About Terry Lee Marzell

Terry Lee Marzell holds a bachelor's degree in English from Cal State Fullerton and a master's degree in Interdisciplinary Studies from Cal State San Bernardino. She also holds a certificate for Interior Design Level 1 from Mt. San Antonio College. She has been an educator in the Corona Norco Unified School District for more than 30 years.

Teacher Pernella Mae Anderson: Collector of African American Slave Narratives and Folklore

Many talented classroom teachers become known for accomplishments outside of the classroom. One such teacher is Pernella Mae Anderson, an elementary teacher who worked in Arkansas and Michigan who was also an important collector of African American folklore.

Pernella Mae Center Anderson was born April 12, 1903 in Camden, Ouachita County, Arkansas. She was the youngest of ten children born to Willis and Sallie (Washington) Center. Her father was a carpenter and her mother was a housewife. When Pernella was only two years old, her mother died, and two years later her father remarried.

When Pernella grew up, she married Theodore Haynie, Jr., (circa 1920) and the union produced three children. Between 1922-1924, the young mother attended Arkansas Baptist College, where she earned a liberal arts degree. Evidently, Pernella divorced Theodore and, on April 21, 1931, she married her second husband, William W. Anderson.

In 1935, the Pernella accepted a teaching position in Lockesburg in Sevier County, Arkansas. The following year, she went to work for the Federal Writers’ Project (FWP), an organization associated with the New Deal-era Works Progress Administration (WPA). Pernella’s work included collecting oral histories, some of which were published in the seventeen-volume Slave Narratives: A Folk History of Slavery in the United States from Interviews with Former Slaves (1941). Additionally, she collected the folk stories of Black residents ranging in age from 19 to 92. Pernella was one of only two African Americans hired to do this work.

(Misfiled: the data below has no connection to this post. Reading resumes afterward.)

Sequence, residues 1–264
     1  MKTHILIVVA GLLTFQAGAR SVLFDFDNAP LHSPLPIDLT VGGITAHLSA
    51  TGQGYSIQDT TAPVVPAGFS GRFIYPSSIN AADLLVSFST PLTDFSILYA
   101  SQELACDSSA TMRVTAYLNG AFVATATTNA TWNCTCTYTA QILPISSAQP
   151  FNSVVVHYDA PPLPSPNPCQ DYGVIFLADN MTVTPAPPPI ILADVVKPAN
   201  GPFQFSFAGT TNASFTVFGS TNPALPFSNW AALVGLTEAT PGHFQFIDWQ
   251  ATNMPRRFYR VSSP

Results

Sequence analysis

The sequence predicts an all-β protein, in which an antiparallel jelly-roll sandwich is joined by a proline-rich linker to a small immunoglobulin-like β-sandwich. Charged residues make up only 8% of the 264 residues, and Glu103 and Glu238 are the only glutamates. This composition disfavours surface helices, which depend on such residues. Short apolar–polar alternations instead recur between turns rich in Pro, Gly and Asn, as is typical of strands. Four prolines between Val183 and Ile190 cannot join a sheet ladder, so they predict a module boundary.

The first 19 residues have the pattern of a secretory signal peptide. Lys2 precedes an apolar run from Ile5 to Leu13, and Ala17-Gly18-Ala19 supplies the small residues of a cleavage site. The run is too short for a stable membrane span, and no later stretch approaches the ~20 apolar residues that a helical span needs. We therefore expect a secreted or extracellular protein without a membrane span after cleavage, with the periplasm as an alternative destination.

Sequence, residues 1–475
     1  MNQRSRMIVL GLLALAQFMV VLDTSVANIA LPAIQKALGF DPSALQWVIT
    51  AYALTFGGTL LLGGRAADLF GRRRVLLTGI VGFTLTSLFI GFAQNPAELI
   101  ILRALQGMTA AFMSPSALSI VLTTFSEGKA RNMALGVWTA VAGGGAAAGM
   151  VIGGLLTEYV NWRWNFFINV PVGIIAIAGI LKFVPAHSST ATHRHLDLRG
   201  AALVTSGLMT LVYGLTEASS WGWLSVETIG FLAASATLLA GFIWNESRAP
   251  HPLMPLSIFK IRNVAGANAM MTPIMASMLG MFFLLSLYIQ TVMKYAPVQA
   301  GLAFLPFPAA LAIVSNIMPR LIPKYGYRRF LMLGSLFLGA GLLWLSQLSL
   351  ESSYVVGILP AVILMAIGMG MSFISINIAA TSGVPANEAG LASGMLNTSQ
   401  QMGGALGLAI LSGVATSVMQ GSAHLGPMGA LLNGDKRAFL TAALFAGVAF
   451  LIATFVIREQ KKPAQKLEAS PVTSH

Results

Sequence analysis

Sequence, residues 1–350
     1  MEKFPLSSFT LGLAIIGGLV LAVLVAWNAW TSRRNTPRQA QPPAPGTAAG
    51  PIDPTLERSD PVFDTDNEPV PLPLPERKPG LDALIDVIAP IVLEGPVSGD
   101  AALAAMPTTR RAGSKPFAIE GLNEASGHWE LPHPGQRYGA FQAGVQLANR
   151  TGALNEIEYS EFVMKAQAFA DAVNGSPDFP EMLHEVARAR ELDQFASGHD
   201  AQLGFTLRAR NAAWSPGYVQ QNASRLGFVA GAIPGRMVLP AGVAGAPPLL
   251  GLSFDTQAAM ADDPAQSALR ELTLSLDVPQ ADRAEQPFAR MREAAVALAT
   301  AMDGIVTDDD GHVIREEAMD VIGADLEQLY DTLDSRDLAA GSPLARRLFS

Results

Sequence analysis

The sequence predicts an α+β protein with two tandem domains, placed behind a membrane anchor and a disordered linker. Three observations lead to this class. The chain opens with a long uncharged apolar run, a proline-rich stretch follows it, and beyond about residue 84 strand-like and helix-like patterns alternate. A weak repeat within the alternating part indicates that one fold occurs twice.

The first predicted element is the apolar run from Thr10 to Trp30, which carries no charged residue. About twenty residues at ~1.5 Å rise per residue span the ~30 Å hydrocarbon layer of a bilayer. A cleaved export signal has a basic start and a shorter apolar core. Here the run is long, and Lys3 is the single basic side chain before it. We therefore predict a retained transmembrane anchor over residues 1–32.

A lifelong learner, Pernella went back to school in 1944 to earn her teaching certificate, and then she completed the requirements for her Bachelor’s in Education from Grambling State University in Grambling, Louisiana. From 1953-1955, Pernella taught school at Carver Elementary School in El Dorado in Arkansas’ Union County. In 1955, Pernella moved to Detroit, Michigan, and taught in Detroit public schools until the conclusion of her career.

This talented teacher and folklorist passed away on March 5, 1980, in Detroit. She is interred in Westlawn Cemetery in the town of Wayne, Wayne County, Michigan.

You can read more about this remarkable educator at this link: Encyclopedia of Arkansas History and Culture. To learn more about the Federal Writers’ Project, click on this link: FWP at the Library of Congress.

Meet Memphis Teacher Michael Scruggs: “You have everything it takes to be #1”

Meet high school social studies teacher Michael Scruggs from Memphis, Tennessee. He is such an inspiration to his students! Every day he begins his classes with a motivational mantra such as, “You have everything it takes to be #1.”

This passionate chalkboard champion was featured last June in an episode of the Ellen DeGeneres Show. View the video below to see him in action, and to meet one of his former students.

 

 

Kentucky’s Lyman T. Johnson: Educator and Civil Rights Activist

I am always eager to share stories about passionate teachers who have dedicated their talent and influence to compelling social causes. One of these is Lyman Tefft Johnson, a high school teacher who worked towards racial justice during the Civil Rights Movement of the 1960’s.

Lyman was born on June 12, 1906, in Columbia, Tennessee, the eighth of nine children born to Robert and Mary (Dew) Johnson. He was the grandson of former slaves.